January 2, 2019

Commercial Property Executive


Managing a Mixed-Use Icon at 121 Seaport

Cushman & Wakefield was brought on soon after the building’s two office tenants—Alexion Pharmaceuticals and PTC—signed their leases.

For the Cushman & Wakefield Boston Asset Services team, overseeing property management at 121 Seaport, a 17-story, 450,000-square-foot condominium office and retail building in the city’s Seaport District, began before the elliptical tower opened its doors in 2018.

It’s very important, particularly from a project management perspective, to get on board with a new project as soon as possible,” said Mary Doyle, managing director of asset services, who oversees the firm’s New England property management portfolio totaling more than 17 million square feet.

Carolyn Desmond, development director at Skanska in Boston, said it is standard for her company to get property management in early, especially with a new trophy property. (Skanska developed the property and recently sold it to for $450 million to a joint venture of American Realty Advisors and Norges Bank Real Estate Management. Cushman & Wakefield has been retained as property manager.)

“They really need to learn the building and how the systems work, so when the tenants move in, it is smooth. It’s important for it to be seamless for the tenants,” she said.

Cushman & Wakefield was brought on soon after the building’s two office tenants—Alexion Pharmaceuticals and PTC—inked leases, according to Ryan Quick, director of asset services overseeing the on-site teams for Cushman & Wakefield’s Downtown Boston portfolio. The service company’s first duties were development commissioning and property management consulting.

“They brought us on in October 2017, which gave us about six months of involvement prior to the building opening,” Quick said. “We were able to attend construction meetings at a critical point when the building systems were coming online and being a part of this process was key to a successful building opening.”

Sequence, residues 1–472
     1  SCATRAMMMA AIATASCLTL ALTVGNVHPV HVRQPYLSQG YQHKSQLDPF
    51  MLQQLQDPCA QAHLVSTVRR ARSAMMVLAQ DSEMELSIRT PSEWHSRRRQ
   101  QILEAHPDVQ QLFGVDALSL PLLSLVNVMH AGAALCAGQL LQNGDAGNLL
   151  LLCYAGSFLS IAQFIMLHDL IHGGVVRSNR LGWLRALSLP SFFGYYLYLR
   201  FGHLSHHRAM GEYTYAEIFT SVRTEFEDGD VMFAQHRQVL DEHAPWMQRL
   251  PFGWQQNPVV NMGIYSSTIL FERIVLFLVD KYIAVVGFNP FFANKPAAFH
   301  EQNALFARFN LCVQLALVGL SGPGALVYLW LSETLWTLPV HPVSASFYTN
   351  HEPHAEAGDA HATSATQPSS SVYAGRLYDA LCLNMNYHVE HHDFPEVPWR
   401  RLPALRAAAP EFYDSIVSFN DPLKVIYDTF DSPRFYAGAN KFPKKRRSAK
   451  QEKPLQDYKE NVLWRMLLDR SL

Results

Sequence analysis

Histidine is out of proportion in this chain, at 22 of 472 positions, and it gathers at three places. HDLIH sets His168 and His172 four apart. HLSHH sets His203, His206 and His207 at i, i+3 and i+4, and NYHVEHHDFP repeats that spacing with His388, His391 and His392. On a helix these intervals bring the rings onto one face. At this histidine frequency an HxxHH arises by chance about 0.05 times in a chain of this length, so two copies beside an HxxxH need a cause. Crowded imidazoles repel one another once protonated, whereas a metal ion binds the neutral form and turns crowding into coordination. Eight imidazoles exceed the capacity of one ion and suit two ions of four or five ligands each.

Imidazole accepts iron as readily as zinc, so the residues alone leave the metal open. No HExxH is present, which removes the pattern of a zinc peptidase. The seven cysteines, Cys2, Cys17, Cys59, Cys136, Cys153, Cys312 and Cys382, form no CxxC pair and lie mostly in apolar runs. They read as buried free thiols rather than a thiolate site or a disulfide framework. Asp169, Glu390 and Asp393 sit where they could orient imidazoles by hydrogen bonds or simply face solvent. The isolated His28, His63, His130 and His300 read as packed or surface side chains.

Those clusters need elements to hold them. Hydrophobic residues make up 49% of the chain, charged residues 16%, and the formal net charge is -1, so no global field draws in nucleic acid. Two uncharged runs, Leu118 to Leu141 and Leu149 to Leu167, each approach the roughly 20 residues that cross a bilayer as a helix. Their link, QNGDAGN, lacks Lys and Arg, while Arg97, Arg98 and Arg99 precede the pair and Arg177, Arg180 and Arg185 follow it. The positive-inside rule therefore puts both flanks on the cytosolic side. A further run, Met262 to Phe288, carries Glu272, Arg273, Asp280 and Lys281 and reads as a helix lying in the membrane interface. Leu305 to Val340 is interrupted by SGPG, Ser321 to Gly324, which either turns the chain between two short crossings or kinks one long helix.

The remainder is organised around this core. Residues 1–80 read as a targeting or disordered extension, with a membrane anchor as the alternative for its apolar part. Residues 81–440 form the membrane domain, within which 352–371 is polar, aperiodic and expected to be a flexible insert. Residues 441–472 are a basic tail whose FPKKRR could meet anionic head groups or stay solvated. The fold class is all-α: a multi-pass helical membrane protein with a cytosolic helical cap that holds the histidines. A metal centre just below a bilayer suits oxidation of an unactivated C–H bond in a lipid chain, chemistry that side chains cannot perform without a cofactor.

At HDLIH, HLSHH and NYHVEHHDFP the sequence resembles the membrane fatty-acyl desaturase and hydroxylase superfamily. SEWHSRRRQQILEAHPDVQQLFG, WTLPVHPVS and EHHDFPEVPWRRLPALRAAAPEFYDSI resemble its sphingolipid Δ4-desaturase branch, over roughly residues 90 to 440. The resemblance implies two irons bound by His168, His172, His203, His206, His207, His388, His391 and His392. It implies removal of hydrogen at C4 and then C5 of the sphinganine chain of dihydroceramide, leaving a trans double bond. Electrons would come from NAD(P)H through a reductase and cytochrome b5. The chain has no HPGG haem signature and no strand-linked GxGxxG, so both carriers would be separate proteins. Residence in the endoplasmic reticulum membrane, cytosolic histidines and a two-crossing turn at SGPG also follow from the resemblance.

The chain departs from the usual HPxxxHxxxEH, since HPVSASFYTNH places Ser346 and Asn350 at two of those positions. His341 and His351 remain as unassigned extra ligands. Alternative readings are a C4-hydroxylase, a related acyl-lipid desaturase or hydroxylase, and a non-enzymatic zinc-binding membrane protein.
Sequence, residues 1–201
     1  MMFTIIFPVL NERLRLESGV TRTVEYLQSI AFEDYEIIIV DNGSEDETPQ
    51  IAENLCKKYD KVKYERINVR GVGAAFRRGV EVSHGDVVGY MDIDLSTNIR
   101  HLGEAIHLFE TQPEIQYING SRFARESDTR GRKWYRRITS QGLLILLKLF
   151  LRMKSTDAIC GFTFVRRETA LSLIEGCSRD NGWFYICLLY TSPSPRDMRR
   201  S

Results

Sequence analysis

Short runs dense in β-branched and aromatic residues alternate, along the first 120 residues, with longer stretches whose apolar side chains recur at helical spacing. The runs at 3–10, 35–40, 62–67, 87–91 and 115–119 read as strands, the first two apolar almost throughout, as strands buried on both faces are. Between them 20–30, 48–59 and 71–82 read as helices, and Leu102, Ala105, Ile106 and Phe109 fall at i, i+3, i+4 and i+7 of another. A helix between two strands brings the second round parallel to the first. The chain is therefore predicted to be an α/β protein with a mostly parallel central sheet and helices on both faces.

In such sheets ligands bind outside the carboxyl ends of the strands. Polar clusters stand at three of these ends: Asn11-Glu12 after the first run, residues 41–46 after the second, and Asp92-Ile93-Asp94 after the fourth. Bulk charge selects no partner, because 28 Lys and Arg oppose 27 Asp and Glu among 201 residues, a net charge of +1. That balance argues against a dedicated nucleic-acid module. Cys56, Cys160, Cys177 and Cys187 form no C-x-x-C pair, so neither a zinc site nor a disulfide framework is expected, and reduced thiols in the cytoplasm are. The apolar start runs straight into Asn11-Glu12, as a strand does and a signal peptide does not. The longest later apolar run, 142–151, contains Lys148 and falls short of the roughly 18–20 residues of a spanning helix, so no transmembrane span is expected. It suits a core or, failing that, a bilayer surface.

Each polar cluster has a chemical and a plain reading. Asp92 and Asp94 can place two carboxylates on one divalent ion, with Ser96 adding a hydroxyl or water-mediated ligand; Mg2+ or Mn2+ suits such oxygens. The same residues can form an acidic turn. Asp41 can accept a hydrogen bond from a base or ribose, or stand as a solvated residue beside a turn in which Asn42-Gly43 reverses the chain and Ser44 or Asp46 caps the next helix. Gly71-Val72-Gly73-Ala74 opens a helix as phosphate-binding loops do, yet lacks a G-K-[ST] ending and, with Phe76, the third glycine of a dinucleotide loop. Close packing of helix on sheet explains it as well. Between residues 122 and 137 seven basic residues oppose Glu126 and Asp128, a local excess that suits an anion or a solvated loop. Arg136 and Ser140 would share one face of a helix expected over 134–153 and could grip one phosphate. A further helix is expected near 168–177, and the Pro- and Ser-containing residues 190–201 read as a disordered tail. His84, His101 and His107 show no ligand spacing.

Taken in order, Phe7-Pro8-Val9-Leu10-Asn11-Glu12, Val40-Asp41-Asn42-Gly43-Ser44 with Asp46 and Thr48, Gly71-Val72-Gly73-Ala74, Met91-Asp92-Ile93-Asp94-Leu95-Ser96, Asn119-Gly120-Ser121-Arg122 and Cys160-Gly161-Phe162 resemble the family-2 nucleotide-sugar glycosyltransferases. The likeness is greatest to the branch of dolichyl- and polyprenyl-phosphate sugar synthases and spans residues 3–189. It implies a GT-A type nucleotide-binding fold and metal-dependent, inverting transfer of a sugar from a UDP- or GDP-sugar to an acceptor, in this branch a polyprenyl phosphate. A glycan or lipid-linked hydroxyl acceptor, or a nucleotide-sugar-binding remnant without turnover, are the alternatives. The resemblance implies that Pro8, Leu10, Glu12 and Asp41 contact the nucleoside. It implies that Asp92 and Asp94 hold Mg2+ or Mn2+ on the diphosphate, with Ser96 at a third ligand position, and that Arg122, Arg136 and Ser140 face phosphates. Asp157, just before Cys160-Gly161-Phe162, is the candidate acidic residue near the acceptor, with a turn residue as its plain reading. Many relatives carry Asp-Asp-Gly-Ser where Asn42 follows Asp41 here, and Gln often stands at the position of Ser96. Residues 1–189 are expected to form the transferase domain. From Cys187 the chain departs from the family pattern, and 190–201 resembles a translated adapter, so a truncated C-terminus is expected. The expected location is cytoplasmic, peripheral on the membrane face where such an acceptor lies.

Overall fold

Quick said this enabled him and Mitchell Mavroules, regional lead engineer, to build strong relationships with contractors such as Otis Elevators, which provided eight high-speed elevators with destination dispatch technology for reduced travel times, and E.M. Duggan Inc., which installed most of the mechanical works including the HVAC system that features an active chilled beam system for heating and cooling. The chilled beam system significantly reduces energy costs by reducing fan output and energy consumption, allowing for higher ceilings and consistent temperatures. There’s limited duct work and less noise. American Plumbing, with Gustavo Preston as subcontractor, installed another important sustainable feature at the LEED Platinum-certified building—a rain reclamation system for filtering and reusing rainwater for lavatory use.

Desmond mentioned that Skanska—which also built an office and retail building at 101 Seaport, plus a residential and retail tower at Watermark Seaport, and is developing another office and retail property at Two Drydock—has pioneered the use of the chilled beam technology in the Seaport.

Cushman & Wakefield is managing the 400,000-square-foot office condominium component. The office space is built atop a two-story, 50,000-square-foot retail podium owned and managed by WS Development, the lead developer in the Seaport District that also owns and operates all the retail portions of the properties. The retail space has not opened yet.

“We are seeking a wide range of shops, services and restaurants, each thoughtfully chosen for what will best serve and best energize the neighborhood. Childcare is on this list; Kindercare, an award-winning childcare provider, will open spring 2019,” said Yanni Tsipis, senior vice president, WS Development Seaport. “Each brand has to bring something truly unique to the neighborhood and contribute to the larger vision.”

First-to-market brands in the Seaport District include theater ShowPlace ICON, Fuku, a fast-casual restaurant from celebrity chef David Chang, and retailers Outdoor Voices and Filson.

Asked about dining options for the glass-clad 121 Seaport, Tsipis said, “Expect to see a diverse offering, with emphasis on locally owned restaurants.”